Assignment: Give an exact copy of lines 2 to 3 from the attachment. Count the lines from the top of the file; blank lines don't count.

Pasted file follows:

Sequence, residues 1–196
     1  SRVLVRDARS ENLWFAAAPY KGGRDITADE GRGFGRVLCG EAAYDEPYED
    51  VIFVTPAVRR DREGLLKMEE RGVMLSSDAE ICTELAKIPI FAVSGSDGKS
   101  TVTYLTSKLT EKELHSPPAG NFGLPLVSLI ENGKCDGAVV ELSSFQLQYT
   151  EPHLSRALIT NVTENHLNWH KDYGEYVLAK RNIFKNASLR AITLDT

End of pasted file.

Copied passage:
     1  SRVLVRDARS ENLWFAAAPY KGGRDITADE GRGFGRVLCG EAAYDEPYED
    51  VIFVTPAVRR DREGLLKMEE RGVMLSSDAE ICTELAKIPI FAVSGSDGKS